The authors feel it is necessary to explicitly tell their readers that they are professors at highly reputed universities and that they publish in highly reputed academic journals and that their friends are also professors at universities of the highest reputation. They were the rising stars, they were the people who will change the world. They are the authority on the book’s topic. You do not need to look any further.

And finally, in the last chapter they explain how government should make the world a better place by just applying all the principles discussed in the book, to cast them into a law and make them a guide for government action. Their recommendations are plain paternalistic policies. Given the heated debate about freedom preserving libertarian paternalism, nudging, these restricting, purely paternalistic policies that would force happiness upon the feeble-minded citizen who does not know what is good for him were a big surprise.

Read: Sandstorm

While Sandstorm started strong – its female protagonist feels truly alive – it soon seems to change into a script for a TV movie that tries to combine too many tropes at the same time. There are too many coincidences, shootouts with increasingly heavy artillery, “surprising” reunions and family ties.

As a movie this would still result in an entertaining, action packed 90 minutes flick. The novel, however, loses much of its appeal. The characters become uninteresting and uni-dimensional. You struggle through the book. You still kind of enjoy it. Yet there is the lingering feeling it could be better with a little less.

Read: Stuffocation

A downside of reading ebooks is that you cannot briefly skim the whole book to get an idea about its content, the argument the author wants to make. Yes, the table of contents can still give a clue about this. Yet, somehow with an ebook it is less likely that I will consult the table of contents (again) once I have “turned” the pages.

Hence, while reading Suffocation (as an ebook) I often wondered why the author would now discuss things like the Streisand effect, or whether he sees a future in our society for whatever he was discussing at the moment.

Wallman builds his argument slowly, carefully. Yet, without telling his reader the big picture up front. Only after a chapter, at the end of it, or even only after several chapters, it becomes clear what Wallman wants to say, why he tells what he just told, what the purpose of all the (anecdotal) evidence is. At the end, everything is obvious.

Wallman identifies a problem: Stuffocation. Materialism in the sense of buying (too much) stuff, conspicuous consumption. After the all the unclutter and simplify-your-life books and articles that seem legion nowadays he does not need to spend too much time and effort to make and explain this point. He then discusses three potential solutions: minimalism, regression to simple living, and medium chill (a result of satisficing with rather modest aspirations). They all ain’t it.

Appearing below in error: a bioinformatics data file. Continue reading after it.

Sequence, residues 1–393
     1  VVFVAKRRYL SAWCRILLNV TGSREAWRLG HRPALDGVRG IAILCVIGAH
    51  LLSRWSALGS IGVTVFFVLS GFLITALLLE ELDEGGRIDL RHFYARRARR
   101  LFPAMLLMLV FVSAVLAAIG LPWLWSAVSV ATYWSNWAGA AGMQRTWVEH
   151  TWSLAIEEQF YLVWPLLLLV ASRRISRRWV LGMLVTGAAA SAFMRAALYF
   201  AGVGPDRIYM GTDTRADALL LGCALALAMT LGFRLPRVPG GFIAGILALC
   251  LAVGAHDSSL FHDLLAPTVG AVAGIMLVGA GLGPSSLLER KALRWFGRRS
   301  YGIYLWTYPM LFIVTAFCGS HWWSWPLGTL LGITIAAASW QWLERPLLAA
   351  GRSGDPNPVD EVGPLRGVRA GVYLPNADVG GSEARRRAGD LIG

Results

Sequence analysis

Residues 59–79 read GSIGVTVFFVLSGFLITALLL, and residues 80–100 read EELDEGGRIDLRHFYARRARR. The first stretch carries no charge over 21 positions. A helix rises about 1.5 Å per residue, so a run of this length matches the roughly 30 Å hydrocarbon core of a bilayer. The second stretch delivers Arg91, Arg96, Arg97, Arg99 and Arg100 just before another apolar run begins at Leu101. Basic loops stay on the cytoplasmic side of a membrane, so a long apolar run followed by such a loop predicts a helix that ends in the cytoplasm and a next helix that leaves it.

So, he identifies a common core and a less anti-materialist solution to Stuffocation, all the stuff that clutters our homes and makes us miserable, that seems more likely to catch on. Experientialism, conspicuous spending not on lots and lots stuff but lots and lots of memories (and some high-quality stuff that helps to have a great experience).

All in all, this conclusion does not seem to be very controversial. Or original. Psychologists like Gilovich and Dunn arrived at the conclusion that spending money on experiences is making people happier than spending money on consumer goods much earlier. On the other hand, Wallman asks (and answers) whether this shift in spending on goods to experiences would be viable, whether people would change their behavior in large numbers to have a lasting effect on the economy. Of course, the anecdotal pieces of evidence still hint a the current stage of this idea’s dissemination and adoption: It’s still very, very early. Right now, experientialism seems something that is mostly for the financially (very) well off. Though, of course, these may be exactly the people who feel the most “stuffocated”, who have reached the end of material scarcity, and for whom time has become the ultimate scarce resource.

So, despite all the shortcomings there were a few parts of the book and ideas for which I am happy to have read Stuffocation.

For instance, I was surprised to find a(n interesting) discussion of the economic concept of GDP in the book. While Wallman’s perspective seems to be rather anti-business (“captains of consciousness”) he quite correctly points out: (only) what gets measured gets managed. Hence as long as there is no widely accepted replacement (or at least complement) for GDP that captures well-being the progress of society will be measured as the increase of the monetary value of the goods and services produced and sold and not as the increase in its citizens’ well-being, their quality of life.

And, Wallman gave a nice summary of why conspicuous spending on experiences is better in the sense of likely to make people happier than conspicuous spending on stuff. With stuff, it is almost always easy to rank what is the better (as a proxy the more expensive) thing. With experiences the cost may not serve anymore as a proxy for the quality: a “cheap” experience may still be great. Hence, there is less of a feeling of being behind, less pressure to upgrade and spend more.